The fairground organs and carousel are superb pieces.
The grand Wurlitzer organ is both spectacular to see and, when played by an organist of the caliber of Dave (Jeff's brother), provides an enthralling performance. Some of my more musical friends watched in complete fascination. Dave seems to become one with the instrument with both arms and legs in constant movement around the keyboards, stops and pedals.
A new addition this year was the showing of a Buster Keaton silent movie. It was fascinating to see the organ used for its original purpose, providing the sound for the showing.
Many thanks to the museum volunteers who assisted in running the event. With the exception of JD who was elsewhere at the time, they are shown here with Jeff and Dave on the locomotive in the carousel house.
Thanks again to Jeff for organizing the event, to his brother Dave for another outstanding performance and to the Sanfilippo Foundation for the access to their wonderful collection.
Sunday, July 14. 2013
Steam Department Update 07-13-2013 Posted by Nigel Bennett in Steam Department at 11:13
A busy day with some big ups and downs in the steam shop. There is not much to see externally and only one photograph this week but this shows a big milestone. We put water into the boiler for the first time.
The focus was on 1630 and above all on starting to test the newly fitted tubes for leaks.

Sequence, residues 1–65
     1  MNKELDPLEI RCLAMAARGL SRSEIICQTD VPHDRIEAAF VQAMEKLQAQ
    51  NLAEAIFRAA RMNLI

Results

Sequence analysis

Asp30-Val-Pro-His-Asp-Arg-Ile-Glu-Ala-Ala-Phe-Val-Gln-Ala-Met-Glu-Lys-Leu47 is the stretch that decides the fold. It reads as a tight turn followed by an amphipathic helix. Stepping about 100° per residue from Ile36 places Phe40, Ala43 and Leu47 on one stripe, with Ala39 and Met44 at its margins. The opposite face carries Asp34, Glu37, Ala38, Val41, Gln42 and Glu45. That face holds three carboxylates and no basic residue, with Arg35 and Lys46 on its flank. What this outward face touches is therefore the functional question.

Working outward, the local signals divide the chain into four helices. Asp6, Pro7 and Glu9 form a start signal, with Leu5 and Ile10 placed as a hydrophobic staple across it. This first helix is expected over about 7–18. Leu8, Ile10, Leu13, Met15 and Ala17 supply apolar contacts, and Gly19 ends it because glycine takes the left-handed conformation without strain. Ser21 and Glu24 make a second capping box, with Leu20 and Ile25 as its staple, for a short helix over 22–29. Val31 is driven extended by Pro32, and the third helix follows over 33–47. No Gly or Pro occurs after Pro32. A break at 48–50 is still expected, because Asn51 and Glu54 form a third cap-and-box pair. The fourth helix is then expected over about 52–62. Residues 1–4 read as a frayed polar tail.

· In the morning the focus was on closing every hole below the crown sheet level:
the last remaining wash out plugs were installed, lubricated with graphite paste and tightened down;
the pressure gauges were finally fitted and plumbed in to the boiler;
all remaining flexible stay caps were cleaned, lubricated with graphite paste and tightened down.
· Just after lunchtime this was done. We linked up the hoses from the milk car and started pumping. To be clear, there is no intention to pressurize at this point. We need to fill and empty the boiler several times before we can apply pressure. Pressure testing is carried out with water heated to about 100 degrees by circulating thru the pool heater. It is rather important that we wash out debris such as residual sand blast material before trying to re-circulate the water thru the pump !. These filling and draining cycles also allow initial testing of the sealing the tubes and other parts of the boiler. While no external pressure is applied, the boiler is at least 6 feet to the crown sheet so there is a good deal of pressure simply from the depth of water.